Gov. Tim Walz of Minnesota on Thursday vetoed a invoice that might have assured a minimal wage and different protections for Uber and Lyft drivers.
“Ride-share drivers deserve protected working circumstances and honest wages, and I’m dedicated to discovering options to those points that stability the pursuits of all Minnesotans, drivers and riders alike,” Mr. Walz, a Democrat, wrote in a letter to the speaker of the Minnesota House of Representatives. But he mentioned that the laws, which handed the state legislature final week, “isn’t the fitting invoice to realize these objectives.”
The invoice had been seen as a major victory for labor advocates, who’ve been combating for larger advantages for gig drivers throughout the nation. Uber and Lyft deal with their drivers as impartial contractors slightly than workers, which means the drivers are accountable for their very own bills and don’t obtain well being care or different advantages. The corporations say their enterprise mannequin permits drivers to keep up the flexibleness they need.
The laws would have required Uber and Lyft to pay their drivers a minimum of $1.45 per mile they drive with a passenger, or $1.34 per mile outdoors the Minneapolis-St. Paul space, in addition to $0.34 per minute. It additionally would have established a overview course of letting drivers protest circumstances the place they have been deactivated from the platforms.
Mr. Walz sided with the arguments of Uber and Lyft, which mentioned the minimal wage was too excessive for a area like Minnesota and would require them to drastically curtail their ride-sharing companies within the state as prices elevated for riders.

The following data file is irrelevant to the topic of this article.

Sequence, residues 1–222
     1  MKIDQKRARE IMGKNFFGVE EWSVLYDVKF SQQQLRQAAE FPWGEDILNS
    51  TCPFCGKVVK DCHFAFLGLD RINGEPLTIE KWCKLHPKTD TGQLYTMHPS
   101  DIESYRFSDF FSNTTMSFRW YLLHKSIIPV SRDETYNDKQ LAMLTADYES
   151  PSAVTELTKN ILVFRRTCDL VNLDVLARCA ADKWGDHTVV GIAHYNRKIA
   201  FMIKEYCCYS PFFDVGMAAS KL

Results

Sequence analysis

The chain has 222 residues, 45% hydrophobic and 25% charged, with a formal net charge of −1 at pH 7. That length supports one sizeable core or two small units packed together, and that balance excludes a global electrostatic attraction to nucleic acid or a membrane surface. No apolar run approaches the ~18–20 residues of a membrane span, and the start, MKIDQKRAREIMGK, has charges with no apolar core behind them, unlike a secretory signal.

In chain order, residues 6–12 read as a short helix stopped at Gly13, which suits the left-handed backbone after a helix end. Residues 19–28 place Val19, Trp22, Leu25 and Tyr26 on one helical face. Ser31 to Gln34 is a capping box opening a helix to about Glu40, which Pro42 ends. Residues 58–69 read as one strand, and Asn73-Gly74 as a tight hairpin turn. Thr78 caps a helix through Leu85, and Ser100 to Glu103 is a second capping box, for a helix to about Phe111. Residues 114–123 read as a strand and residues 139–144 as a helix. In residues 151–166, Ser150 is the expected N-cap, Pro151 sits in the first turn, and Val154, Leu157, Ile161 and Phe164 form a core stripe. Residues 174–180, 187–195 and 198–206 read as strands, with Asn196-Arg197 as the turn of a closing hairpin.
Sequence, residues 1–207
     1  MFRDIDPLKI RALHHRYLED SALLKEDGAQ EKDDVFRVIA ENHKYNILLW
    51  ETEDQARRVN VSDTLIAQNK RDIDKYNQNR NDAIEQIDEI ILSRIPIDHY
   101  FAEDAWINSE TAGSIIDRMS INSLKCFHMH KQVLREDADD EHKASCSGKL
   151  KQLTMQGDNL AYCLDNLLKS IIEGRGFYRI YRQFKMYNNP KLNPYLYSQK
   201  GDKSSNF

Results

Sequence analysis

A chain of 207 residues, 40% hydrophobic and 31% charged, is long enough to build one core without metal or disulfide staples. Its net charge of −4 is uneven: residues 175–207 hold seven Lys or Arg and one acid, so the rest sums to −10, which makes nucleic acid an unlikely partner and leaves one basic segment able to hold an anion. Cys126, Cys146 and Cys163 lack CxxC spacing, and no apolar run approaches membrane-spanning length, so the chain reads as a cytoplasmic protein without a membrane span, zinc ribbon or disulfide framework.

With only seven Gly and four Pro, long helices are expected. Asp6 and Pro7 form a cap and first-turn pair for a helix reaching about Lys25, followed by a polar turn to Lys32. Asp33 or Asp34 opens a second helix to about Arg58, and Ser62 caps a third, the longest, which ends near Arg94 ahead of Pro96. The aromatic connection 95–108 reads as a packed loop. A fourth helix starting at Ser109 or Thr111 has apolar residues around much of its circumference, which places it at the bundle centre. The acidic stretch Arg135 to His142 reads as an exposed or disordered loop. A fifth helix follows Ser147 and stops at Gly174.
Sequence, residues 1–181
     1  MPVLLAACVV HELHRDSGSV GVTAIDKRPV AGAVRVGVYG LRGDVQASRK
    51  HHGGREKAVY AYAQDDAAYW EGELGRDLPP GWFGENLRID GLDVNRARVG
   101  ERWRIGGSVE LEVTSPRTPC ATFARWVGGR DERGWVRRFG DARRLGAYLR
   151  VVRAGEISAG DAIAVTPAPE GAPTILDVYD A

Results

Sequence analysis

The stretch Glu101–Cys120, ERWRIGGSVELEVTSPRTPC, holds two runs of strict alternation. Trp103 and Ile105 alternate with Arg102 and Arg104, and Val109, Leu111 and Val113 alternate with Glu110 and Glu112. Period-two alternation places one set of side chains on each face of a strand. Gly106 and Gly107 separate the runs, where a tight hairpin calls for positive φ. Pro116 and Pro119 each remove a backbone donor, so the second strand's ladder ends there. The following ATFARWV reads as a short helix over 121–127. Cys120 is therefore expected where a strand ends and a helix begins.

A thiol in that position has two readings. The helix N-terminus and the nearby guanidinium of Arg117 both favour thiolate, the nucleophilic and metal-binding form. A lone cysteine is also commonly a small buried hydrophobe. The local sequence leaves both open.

Earlier on Thursday, Uber mentioned it might pull out of Minnesota originally of August if the invoice handed, leaving solely its premium service within the state’s largest metropolitan area.
“This invoice might make Minnesota some of the costly states within the nation for journey share, probably placing us on par with the price of rides in New York City and Seattle — cities with dramatically larger prices of dwelling than Minnesota,” Mr. Walz wrote in his letter.
Aside from the veto — his first — Mr. Walz additionally issued an government order establishing a fee to check the ride-share enterprise in Minnesota and advocate coverage modifications to make sure drivers obtain honest compensation.
Uber cheered the information and mentioned it might help a special invoice that might provide barely decrease minimal pay and be certain that drivers have been categorised as impartial contractors slightly than workers in Minnesota, a longstanding aim of the corporate that it has superior in different states.
“We respect the chance to get this proper, and hope the legislature rapidly passes a compromise in February,” mentioned Freddi Goldstein, an Uber spokeswoman.
CJ Macklin, a Lyft spokesman, added that “lawmakers ought to go honest pay and different protections, but it surely should be achieved in a approach that does not jeopardize the affordability and security of those that depend on the service.”
State Senator Omar Fateh, an writer of the invoice, criticized Mr. Walz’s choice on Twitter.
“Today, we noticed the facility firms maintain on our authorities,” he wrote. “The struggle isn’t over, and I promise you I will not again down.”